Paul C and Stokes mod

traynor_garnet

Silver Supporting Member
Messages
3,132
Paul C's mod changes bias method of the inverter, again for slightly more gain.

The problem with the Princeton Reverb [where this mod is most usually used] is that the inverter distorts before the power tubes, causing a rather raspy distortion. By giving the inverter a bit more umpf, the amp delivers a bit "more".

I have a SF Princeton (Nonreverb). Will the Paul C mod give me more gain and a bit more volume? Or, is it only applicable to the Princeton Reverb ?

I am looking to get "more" out of the amp but don't want to fundamentally change it or make it something it is not.

TG
 

mark norwine

Member
Messages
17,246
I have a SF Princeton (Nonreverb). Will the Paul C mod give me more gain and a bit more volume? Or, is it only applicable to the Princeton Reverb ?

Nowhere in the Fender BF lineup is there more disparity between rev & non-rev models than with the Princ. & PrincRev. Because of the lack of reverb, your amp lacks a recovery stage and, as such, a lot of gain.

IMO, your amp "is what it is" and neither mod discussed herein (PaulC or Stokes) will do anything of significance to change that.

There *IS* a way to get a non-rev princ. to come alive, but it's an invasive mod [sacrifice the trem in order to make a LTP inverter], but you said:
I am looking to get "more" out of the amp but don't want to fundamentally change it or make it something it is not.TG

Getting more without changing it isn't going to happen. As I said before in this thread,
If you want a bigger amp, buy a bigger amp.
 

Gris

Member
Messages
400
I have a BF non verb Prince and it is my fave above all the others - brown, black, verb, non-verb, etc. (except one other modded PR i had). It has an Allen TO20 and a 12" spkr, as well as a diff filter section. Also removed the resistor from the back of the bass pot and put another 'mid/raw' pot in the ext spkr hole in back. No drilling required, all easy stuff and the amp is super versatile and screams... :)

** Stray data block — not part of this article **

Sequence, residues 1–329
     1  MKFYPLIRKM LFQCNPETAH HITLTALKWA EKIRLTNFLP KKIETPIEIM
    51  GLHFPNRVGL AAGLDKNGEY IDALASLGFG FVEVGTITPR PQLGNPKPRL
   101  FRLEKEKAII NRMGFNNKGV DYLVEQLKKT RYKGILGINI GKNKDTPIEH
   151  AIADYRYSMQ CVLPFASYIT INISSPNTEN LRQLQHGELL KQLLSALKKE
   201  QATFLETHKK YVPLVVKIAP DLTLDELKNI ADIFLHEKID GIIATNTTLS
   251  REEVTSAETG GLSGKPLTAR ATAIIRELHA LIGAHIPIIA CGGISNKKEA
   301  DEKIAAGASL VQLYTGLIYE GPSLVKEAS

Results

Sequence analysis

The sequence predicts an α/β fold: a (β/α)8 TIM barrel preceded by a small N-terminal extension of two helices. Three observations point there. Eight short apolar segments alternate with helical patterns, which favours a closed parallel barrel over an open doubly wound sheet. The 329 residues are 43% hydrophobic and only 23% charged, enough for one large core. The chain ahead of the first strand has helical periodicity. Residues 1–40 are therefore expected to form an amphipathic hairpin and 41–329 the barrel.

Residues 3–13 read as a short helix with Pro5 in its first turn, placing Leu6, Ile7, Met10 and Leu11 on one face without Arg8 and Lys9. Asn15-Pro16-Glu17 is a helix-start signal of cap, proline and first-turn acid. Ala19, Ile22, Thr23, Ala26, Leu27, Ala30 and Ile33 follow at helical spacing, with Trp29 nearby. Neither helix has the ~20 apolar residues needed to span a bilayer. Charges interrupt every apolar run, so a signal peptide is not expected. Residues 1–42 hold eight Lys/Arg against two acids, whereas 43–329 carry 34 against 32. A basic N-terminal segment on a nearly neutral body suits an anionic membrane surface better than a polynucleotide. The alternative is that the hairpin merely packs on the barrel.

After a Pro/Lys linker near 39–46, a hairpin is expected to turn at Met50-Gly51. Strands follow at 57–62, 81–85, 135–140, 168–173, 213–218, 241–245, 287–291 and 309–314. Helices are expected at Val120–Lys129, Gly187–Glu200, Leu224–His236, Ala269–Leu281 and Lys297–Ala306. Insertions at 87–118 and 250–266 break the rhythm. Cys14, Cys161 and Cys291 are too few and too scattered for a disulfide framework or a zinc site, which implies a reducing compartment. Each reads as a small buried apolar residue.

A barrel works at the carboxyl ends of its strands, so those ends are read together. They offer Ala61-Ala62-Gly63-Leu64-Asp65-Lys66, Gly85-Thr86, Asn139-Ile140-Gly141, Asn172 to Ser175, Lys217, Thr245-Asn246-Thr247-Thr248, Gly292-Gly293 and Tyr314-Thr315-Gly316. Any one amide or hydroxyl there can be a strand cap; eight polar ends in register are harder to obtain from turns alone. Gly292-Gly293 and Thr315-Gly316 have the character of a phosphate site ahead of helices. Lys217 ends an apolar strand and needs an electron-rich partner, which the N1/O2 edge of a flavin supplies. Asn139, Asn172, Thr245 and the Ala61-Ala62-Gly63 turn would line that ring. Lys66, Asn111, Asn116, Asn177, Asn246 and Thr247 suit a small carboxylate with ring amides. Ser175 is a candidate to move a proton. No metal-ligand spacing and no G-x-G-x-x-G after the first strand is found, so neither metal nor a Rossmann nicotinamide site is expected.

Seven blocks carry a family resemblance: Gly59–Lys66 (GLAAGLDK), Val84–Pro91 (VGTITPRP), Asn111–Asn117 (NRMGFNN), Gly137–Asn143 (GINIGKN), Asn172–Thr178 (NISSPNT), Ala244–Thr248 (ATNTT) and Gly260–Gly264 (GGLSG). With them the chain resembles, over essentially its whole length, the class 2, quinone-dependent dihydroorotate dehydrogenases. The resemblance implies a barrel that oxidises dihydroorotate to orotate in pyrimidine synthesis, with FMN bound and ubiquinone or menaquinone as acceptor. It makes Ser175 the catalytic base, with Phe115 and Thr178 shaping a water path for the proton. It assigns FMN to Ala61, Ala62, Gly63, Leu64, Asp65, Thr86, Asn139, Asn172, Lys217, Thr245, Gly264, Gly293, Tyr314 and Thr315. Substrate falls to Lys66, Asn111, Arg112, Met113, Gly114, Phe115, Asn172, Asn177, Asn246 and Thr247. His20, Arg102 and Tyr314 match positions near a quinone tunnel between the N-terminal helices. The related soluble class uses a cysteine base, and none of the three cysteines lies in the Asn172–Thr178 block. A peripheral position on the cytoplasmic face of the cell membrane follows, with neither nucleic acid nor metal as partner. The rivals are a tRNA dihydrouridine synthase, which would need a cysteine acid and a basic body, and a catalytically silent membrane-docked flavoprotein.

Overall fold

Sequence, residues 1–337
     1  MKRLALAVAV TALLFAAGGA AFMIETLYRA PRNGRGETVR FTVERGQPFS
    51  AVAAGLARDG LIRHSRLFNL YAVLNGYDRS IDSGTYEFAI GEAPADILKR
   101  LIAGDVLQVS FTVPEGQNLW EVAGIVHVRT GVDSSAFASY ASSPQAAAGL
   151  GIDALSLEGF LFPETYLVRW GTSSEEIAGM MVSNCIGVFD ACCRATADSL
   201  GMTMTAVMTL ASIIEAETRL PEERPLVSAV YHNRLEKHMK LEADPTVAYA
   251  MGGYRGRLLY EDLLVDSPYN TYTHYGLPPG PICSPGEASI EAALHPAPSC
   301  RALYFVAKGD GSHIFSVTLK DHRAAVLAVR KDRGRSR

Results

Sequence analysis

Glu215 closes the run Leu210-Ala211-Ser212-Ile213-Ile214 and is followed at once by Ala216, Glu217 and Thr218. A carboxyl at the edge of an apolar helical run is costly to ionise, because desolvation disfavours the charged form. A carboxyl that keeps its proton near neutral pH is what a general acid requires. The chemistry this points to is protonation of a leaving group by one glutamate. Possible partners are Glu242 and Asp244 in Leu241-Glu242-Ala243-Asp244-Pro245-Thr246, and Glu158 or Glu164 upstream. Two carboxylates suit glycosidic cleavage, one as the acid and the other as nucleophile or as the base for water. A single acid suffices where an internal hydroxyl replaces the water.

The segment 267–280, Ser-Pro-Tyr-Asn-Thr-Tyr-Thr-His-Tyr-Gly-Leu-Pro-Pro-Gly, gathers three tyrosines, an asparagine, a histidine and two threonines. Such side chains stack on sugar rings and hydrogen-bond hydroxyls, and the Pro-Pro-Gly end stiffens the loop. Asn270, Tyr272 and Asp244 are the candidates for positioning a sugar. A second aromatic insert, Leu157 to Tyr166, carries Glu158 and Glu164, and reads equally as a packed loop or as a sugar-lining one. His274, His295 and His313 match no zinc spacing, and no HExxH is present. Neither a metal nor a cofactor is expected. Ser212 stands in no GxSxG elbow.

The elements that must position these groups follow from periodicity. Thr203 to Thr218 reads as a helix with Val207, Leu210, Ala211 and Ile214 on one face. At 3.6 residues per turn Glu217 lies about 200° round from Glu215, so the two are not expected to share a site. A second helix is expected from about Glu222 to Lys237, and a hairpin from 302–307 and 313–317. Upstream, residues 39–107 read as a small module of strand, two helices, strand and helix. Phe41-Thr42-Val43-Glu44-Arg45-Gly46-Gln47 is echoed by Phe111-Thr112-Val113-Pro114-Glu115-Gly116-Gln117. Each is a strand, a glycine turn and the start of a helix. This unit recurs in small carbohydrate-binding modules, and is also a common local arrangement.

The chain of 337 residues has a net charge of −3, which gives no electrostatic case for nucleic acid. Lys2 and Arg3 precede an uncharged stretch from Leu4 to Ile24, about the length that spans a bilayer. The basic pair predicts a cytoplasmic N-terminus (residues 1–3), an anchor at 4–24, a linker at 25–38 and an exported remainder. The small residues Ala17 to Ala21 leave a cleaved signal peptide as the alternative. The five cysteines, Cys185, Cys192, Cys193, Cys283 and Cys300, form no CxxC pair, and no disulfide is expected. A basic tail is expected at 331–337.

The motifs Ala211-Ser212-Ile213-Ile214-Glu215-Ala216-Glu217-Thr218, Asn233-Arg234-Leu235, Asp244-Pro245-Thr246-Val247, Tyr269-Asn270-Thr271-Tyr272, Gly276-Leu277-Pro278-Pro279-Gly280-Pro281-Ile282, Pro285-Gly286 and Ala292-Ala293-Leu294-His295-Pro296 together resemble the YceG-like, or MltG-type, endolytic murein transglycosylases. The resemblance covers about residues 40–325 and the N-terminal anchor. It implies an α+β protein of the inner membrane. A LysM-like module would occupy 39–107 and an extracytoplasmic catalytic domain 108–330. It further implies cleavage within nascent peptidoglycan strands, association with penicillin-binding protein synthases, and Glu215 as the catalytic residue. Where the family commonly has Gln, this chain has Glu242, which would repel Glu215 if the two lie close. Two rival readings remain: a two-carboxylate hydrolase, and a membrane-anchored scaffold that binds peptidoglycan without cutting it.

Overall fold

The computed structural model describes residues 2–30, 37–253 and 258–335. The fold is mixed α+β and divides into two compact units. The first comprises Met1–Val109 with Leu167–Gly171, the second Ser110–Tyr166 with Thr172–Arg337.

Paulmc

Member
Messages
4
I have a BF non verb Prince and it is my fave above all the others - brown, black, verb, non-verb, etc. (except one other modded PR i had). It has an Allen TO20 and a 12" spkr, as well as a diff filter section. Also removed the resistor from the back of the bass pot and put another 'mid/raw' pot in the ext spkr hole in back. No drilling required, all easy stuff and the amp is super versatile and screams... :)
Gris, your inbox is full.
I have a 78 Fender Princeton non reverb. I've rebuilt the eyelet board and got a new cap can. Would you be able to explain how to get more gain from the amp please? Its clean all the way to 10 on the volume. Cheers Paul
 

macmax77

Silver Supporting Member
Messages
13,686
This is such a great thread for me, I do not understand s ^&*.

And yes, I am eating and just wanted to share my hurt feelings.
 

dcbc

Member
Messages
2,376
David Allen did the phase inverter mod to my old 76 PR and got rid of that rasp/ratty distortion. I thought it sounded absolutely fantastic. I don't own the amp anymore, but my friend who is its current owner can't say enough wonderful things. No reported ill effects from the mod several years later.
 

HotBluePlates

Member
Messages
13,599
... Was looking for help getting some more gain out of my princeton.

Can you tolerate more midrange?

If yes, look at the Bass pot. There is a 6.8kΩ resistor soldered to it running to ground. Replace that resistor with a pot between 25kΩ to 250kΩ (wired as a rheostat; use one lug grounded, and the wiper).

If you go for a 250kΩ pot, turning the pot to max will isolate the tone circuit from ground, boost mids a lot, and increase overall signal level to drive the output section. You might expect a ~20dB signal boost.

You could mess with a master volume, but you're not likely to get great distortion from the Princeton's phase inverter anyway.

If you need more gain/distortion than the above provides, you really want a different amp with a different preamp & phase inverter architecture.

_____________
EDIT: All I did here was describe the Allen Amps "Raw" control, meantioned earlier in this thread.
 
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Jeff Gehring

Gold Supporting Member
Messages
7,209
You know, it may be heresy, but the Princeton I liked the most was a modified one I rebuilt for a customer with a long tail PI (courtesy of giving up the tremolo tube). Kept the tremolo in the amp by adding a MOSFET tremolo, a la RG Keen. To me, it sounded more like a "little big amp" with the long tail PI rather than sounding like a "little amp" with the cathodyne. To be fair, though, we also replaced the power transformer with David Allens excellent TP25...